Hiring Managers for Experiences They Have Had

Christensen and Raynor in The Innovator’s Solution argue against hiring managers for having ‘the right stuff’ and favor hiring managers who have had the right experiences tor the job that needs to be done. Maybe western venture capitalists are following this advice in China?

SHENZHEN, China — China still is a magnet for ambitious, Western-educated entrepreneurs coming home to start high-tech companies and cash in on China’s economic boom. Take Charles Zhang, the Massachusetts Institute of Technology-trained founder of Web portal Sohu.com Inc., and Edward Tian, who earned a doctorate in the U.S. and once charmed Rupert Murdoch into joining the board of his Beijing telecommunications company.
But this favored class isn’t looking quite so favored, at least in the eyes of venture capitalists looking to invest in China. The trend is largely anecdotal, but for many “seed capitalists” poking around Beijing and Shanghai, slick Westernized returnees are out. Local, rough-around-the-edges entrepreneurs are in.
“The less English you speak, the better,” says David Zhang, a venture capitalist in Beijing with San Francisco’s WI Harper Group. He and other investors say locally trained executives often are more thrifty with cash and better understand local Chinese markets — and businesses that know how to tap them — than people who have been abroad for years.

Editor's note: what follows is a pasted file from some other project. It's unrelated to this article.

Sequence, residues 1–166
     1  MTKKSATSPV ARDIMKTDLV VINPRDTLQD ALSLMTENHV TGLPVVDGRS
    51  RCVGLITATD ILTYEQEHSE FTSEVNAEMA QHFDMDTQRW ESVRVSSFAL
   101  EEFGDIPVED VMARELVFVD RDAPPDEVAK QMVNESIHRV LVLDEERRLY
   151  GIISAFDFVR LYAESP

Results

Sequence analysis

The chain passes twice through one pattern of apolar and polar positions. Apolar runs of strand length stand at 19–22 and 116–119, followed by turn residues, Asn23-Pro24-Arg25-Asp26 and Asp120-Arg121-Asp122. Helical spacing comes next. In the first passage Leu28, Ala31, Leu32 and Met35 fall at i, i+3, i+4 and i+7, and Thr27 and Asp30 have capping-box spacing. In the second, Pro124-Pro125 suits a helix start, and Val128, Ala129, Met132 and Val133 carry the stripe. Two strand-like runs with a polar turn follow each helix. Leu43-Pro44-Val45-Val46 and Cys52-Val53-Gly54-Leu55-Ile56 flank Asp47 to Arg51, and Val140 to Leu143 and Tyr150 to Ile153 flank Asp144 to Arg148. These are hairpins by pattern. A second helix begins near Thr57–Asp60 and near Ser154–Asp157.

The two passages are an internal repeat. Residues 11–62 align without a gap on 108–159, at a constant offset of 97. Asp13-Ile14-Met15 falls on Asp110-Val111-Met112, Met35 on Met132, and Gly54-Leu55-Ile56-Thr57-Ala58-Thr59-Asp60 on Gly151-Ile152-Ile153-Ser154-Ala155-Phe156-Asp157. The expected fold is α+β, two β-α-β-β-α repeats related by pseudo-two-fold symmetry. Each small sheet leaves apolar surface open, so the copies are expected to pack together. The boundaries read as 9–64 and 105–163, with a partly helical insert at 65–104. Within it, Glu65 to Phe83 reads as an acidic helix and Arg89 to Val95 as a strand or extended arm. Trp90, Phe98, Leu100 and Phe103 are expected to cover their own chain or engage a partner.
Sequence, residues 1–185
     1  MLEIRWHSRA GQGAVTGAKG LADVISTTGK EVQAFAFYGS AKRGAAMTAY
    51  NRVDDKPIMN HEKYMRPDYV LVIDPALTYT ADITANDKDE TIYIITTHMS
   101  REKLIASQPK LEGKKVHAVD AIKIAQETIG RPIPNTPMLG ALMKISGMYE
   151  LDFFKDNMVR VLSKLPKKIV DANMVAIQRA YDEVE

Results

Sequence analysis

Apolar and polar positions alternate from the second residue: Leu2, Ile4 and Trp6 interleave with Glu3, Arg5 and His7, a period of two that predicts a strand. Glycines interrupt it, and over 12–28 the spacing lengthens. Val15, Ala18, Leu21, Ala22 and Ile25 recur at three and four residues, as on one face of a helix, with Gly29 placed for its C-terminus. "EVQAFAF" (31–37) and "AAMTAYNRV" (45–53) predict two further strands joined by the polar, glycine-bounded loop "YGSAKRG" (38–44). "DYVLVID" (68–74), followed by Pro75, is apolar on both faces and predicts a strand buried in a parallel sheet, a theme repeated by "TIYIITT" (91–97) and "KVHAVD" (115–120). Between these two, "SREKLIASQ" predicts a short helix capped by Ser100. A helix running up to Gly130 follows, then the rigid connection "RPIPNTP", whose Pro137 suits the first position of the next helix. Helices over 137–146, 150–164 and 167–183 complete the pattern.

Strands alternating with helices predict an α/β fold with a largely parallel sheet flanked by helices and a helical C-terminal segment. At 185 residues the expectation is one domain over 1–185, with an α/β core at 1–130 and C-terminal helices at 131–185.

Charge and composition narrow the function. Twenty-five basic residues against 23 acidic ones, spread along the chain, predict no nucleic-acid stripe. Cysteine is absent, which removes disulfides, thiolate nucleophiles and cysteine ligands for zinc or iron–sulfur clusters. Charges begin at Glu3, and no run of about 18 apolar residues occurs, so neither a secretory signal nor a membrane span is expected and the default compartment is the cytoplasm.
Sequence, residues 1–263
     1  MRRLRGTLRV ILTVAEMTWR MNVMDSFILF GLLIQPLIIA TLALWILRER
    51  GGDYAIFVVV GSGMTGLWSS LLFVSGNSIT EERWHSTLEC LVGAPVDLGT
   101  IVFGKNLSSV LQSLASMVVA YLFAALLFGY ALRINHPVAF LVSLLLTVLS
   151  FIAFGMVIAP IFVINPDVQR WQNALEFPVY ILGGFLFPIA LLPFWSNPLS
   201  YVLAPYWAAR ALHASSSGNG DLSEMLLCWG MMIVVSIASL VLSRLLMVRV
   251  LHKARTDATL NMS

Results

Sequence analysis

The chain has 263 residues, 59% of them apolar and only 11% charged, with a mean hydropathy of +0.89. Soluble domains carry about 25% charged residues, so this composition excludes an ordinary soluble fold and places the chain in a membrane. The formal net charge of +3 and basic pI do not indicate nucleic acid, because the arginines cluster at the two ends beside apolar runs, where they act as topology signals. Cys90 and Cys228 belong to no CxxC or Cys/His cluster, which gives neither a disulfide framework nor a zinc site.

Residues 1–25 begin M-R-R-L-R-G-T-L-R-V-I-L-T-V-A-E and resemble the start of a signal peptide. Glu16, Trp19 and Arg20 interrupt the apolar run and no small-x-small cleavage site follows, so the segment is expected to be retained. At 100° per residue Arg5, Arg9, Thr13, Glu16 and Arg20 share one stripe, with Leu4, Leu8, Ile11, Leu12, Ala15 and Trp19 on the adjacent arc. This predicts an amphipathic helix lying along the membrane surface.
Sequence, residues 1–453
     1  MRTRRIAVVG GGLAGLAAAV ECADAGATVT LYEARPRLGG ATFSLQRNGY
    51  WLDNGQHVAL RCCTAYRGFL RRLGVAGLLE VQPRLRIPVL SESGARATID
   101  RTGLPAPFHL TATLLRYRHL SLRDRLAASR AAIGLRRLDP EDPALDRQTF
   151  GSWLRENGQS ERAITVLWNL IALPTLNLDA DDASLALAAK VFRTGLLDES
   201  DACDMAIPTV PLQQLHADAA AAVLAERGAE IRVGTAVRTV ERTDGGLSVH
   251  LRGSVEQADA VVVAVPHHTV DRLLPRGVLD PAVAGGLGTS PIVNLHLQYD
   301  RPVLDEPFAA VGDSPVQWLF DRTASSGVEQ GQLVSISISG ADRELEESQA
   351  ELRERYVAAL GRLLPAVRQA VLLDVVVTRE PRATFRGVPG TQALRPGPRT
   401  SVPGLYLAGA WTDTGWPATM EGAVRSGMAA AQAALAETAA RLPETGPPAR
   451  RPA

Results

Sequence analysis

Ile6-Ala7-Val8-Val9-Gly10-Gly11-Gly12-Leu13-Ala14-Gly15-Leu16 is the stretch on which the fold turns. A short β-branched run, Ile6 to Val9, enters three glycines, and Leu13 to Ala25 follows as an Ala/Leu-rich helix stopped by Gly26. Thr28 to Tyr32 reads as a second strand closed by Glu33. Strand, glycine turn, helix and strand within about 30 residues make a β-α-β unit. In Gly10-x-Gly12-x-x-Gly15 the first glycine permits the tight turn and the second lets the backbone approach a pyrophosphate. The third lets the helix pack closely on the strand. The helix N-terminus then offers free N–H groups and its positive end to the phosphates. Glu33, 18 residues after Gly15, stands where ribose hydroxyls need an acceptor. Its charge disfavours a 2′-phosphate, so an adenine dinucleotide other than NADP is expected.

“A lot of the returnees, actually, they have lost touch with China,” agrees Vincent C.H. Chan, a managing director at Jafco Asia, part of Jafco Co. of Japan.
Instead of courting Ivy League graduates with slick business plans, Messrs. Zhang and Chan are plowing money into no-frills Chinese start-up businesses such as wireless-services provider China Broad Media Corp. The company, funded by WI Harper, is the brainchild of Tian Song, an entrepreneur who went to college in Beijing and toiled in the state-owned telecommunications sector there. He says, through a translator, that his only visit to the U.S. was a brief trip to Las Vegas.
Jafco has helped to finance such entrepreneurs as Zhou Hongyi, who founded Chinese Internet search-engine concern 3721 Network Software Inc. Yahoo Inc., intrigued by Mr. Zhou’s technology — it enables people to use Chinese characters to search the Web — bought the company nearly two years ago for $120 million.
Some returnees may have “studied in a good school,” says Andy Yan, managing partner of Hong Kong investment firm SAIF Partners. But “when they come back, they think they know everything.”
One of Mr. Yan’s favorite home-grown success stories is Hu Xiang, a founder of SAIF portfolio company Mobile Antenna Technologies (Shenzhen) Co. Mr. Hu, 52 years old, is about as far from a polished returnee as one can get in China: He doesn’t speak English and missed nearly 10 years of schooling during the Cultural Revolution that began in the 1960s. Mr. Hu dug tunnels and later was a low-level factory worker, sometimes going hungry.
That Mr. Hu suffered during the Cultural Revolution and had to work so hard for his success, instead of leading a more comfortable life abroad, appealed to Mr. Yan. “We’ve been through so much,” says Mr. Yan, who had similar experiences. “The challenges now don’t seem so big.”

For the full story, see:
REBECCA BUCKMAN. “In China, That Ivy League Degree Isn’t Gold; Some Venture Firms Seeking Talent Favor Homegrown Entrepreneurs; No English Spoken? No Problem.” THE WALL STREET JOURNAL (Fri., September 23, 2005): C1 & C4.

The Innovator’s Dilemma at the Movies?

Sounds like a possible example of Clayton Christensen’s where the incumbent (movie theaters) move up-market in response to the threat from the disruptive technology (increasingly high quality home entertainment systems):